# Oscilloscpe purchase

A

#### Abstract Dissonance

Jan 1, 1970
0
I'm looking to buy an oscilloscope and I don't really know where to start.
One thing I definately will not do is buy ones from an auction
house(specially from ebay).

I'm not sure if I should go with a new or used one. I'm maybe willing to
spend upwards of 1000$but rather spend the least amount I can(obviously). Since I'm not a professional I don't need the latest and greatest but I'd like to get something that I will grow out of in a few months(or even a few years). I'm thinking, for now atleast, I need a bandwidth of atleast 1MHz. Right now I'm looking on tektronix web site and the cheapest one I can find is about 850$. Its the TDS1000 and has a bandwidth of about 40MHz.

What I would really like to have is a logic analyzer and an oscilloscope(and
it would be nice even to get the other stuff like signal generators and
spectrum analyzers, etc...). I'd probably rather get used equipment but I'm
afraid that I cannot find something easily that is decent(i.e., won't die in
3 weeks of use) and isn't an antique that won't do me any good.

Can someone point me in the right direction so I can get a start into
finding something that will work? (Several people have mentioned getting
stuff but most of it has been from ebay.... I will not purchase from ebay
because I don't like the company for its business pratices. (so don't bitch
about it, ok? ). Also don't mention hamfests cause there are none around
me for several months(atleast according to some site I checked.) The closest
one is like 300 miles away and is in a month or so... unless, ofcourse, you
are sure the drive and wait is worth it(i.e., getting a good, cheap, and
working oscilloscope/other stuff)...

I've seen a few sites that are selling used oscilloscopes but they seem a
little shoddy. I'm just not sure where to look and, ofcourse, if I buy new
then I'll be paying out the but for something that I might not end up using
to its fullest along not having the budget for other things that I probably
need.

Thanks,
Jon

R

#### Rich Webb

Jan 1, 1970
0
I'm looking to buy an oscilloscope and I don't really know where to start.
One thing I definately will not do is buy ones from an auction
house(specially from ebay).

I'm not sure if I should go with a new or used one. I'm maybe willing to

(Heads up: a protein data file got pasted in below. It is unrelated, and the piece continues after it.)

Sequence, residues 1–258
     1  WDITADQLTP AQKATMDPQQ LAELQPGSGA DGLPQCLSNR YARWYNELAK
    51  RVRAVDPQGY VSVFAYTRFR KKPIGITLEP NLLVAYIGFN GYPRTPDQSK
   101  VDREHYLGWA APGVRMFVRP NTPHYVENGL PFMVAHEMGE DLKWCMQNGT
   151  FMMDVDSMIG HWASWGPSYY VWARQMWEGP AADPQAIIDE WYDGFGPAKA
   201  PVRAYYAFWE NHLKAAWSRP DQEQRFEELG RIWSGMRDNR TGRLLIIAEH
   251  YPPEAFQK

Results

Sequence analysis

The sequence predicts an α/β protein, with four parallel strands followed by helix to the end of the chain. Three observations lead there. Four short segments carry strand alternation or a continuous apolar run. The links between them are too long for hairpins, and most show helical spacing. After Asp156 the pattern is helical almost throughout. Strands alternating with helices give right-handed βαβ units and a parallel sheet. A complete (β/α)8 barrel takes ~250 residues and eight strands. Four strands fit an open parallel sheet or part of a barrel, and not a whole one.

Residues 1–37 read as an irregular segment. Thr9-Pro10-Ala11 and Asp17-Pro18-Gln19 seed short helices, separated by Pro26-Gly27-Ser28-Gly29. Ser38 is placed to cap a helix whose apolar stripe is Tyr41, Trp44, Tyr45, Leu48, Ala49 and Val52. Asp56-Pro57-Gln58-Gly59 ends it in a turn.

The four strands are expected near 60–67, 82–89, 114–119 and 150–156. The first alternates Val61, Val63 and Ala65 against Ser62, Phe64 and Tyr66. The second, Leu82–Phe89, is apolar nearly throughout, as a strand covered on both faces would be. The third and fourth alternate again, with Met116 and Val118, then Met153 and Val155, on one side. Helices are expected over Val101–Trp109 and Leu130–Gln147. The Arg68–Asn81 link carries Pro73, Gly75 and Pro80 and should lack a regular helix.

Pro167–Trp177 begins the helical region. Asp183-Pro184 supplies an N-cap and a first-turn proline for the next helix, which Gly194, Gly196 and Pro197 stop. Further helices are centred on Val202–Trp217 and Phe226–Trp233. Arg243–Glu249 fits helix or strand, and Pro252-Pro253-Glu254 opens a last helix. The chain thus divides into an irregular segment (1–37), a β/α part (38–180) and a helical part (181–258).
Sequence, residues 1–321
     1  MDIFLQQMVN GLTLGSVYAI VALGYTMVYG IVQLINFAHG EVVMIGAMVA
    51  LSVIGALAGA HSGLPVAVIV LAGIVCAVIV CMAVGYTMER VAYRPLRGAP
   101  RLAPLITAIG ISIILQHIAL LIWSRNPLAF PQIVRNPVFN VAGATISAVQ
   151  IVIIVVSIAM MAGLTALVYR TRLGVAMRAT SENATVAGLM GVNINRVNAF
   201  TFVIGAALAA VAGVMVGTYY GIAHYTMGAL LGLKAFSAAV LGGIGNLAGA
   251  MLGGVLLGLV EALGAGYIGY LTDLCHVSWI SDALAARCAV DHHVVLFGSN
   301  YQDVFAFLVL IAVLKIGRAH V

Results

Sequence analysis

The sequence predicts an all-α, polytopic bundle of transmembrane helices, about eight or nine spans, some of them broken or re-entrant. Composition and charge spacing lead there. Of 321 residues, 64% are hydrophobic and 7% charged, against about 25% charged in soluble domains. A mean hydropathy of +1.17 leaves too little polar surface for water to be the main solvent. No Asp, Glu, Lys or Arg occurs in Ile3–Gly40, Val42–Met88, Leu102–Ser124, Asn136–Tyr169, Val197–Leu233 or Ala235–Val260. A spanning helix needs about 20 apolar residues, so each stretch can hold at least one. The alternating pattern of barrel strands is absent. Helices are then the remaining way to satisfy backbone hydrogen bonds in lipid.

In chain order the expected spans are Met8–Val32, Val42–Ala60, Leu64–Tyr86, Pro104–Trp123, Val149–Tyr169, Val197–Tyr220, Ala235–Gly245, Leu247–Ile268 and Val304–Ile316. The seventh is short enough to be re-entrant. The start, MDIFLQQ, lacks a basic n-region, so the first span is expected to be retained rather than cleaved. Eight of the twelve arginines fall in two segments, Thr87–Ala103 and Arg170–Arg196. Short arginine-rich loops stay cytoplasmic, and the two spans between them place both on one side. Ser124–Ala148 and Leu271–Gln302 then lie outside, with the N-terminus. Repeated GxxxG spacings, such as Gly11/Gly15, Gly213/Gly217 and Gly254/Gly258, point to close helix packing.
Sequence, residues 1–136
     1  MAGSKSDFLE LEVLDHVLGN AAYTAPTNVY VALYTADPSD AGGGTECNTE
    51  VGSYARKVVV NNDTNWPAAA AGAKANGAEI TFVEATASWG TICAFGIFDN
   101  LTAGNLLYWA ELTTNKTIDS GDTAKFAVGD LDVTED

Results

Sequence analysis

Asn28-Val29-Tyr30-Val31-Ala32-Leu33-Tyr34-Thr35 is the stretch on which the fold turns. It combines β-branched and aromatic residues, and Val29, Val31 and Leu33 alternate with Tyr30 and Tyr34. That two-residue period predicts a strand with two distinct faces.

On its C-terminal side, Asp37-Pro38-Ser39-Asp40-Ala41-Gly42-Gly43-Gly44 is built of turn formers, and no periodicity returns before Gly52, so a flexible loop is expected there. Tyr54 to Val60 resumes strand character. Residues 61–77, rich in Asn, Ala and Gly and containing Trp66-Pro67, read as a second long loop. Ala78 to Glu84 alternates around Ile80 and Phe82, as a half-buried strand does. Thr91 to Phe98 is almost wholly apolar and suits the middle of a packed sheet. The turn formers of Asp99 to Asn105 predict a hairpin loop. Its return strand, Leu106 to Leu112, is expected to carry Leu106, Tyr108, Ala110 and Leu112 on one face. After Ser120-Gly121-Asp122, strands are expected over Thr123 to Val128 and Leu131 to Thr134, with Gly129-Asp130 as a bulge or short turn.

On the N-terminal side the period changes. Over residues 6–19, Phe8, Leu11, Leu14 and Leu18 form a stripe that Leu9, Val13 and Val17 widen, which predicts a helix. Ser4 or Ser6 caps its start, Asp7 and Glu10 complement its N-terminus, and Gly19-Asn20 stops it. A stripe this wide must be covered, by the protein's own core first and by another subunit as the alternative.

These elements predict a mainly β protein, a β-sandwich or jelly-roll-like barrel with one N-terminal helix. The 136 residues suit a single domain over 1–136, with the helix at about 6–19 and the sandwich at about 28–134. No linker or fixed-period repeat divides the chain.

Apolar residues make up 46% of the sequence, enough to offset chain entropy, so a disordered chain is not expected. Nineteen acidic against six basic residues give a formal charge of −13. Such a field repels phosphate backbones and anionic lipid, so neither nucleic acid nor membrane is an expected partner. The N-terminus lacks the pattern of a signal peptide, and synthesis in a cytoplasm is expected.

spend upwards of 1000$but rather spend the least amount I can(obviously). Since I'm not a professional I don't need the latest and greatest but I'd like to get something that I will grow out of in a few months(or even a few years). I'm thinking, for now atleast, I need a bandwidth of atleast 1MHz. Right now I'm looking on tektronix web site and the cheapest one I can find is about 850$. Its the TDS1000 and has a bandwidth of about 40MHz.

An o'scope is an investment -- although you don't need to invest $20K in one -- and any one of the TDS scopes would be a good choice. I've had a TDS220 for years as a "home" scope and it's great. What I would really like to have is a logic analyzer PC-based o'scopes are no comparison to the little Tek scopes BUT you can do quite well for a PC-based logic analyzer. My favorite is a relative newcomer to the field, the LogicPort. Info (with demo software) at http://www.pctestinstruments.com/index.htm. R #### Rheilly Phoull Jan 1, 1970 0 Abstract Dissonance said: I'm looking to buy an oscilloscope and I don't really know where to start. One thing I definately will not do is buy ones from an auction house(specially from ebay). I'm not sure if I should go with a new or used one. I'm maybe willing to spend upwards of 1000$ but rather spend the least amount I can(obviously).
Since I'm not a professional I don't need the latest and greatest but I'd
like to get something that I will grow out of in a few months(or even a
few years). I'm thinking, for now atleast, I need a bandwidth of atleast
1MHz.

Right now I'm looking on tektronix web site and the cheapest one I can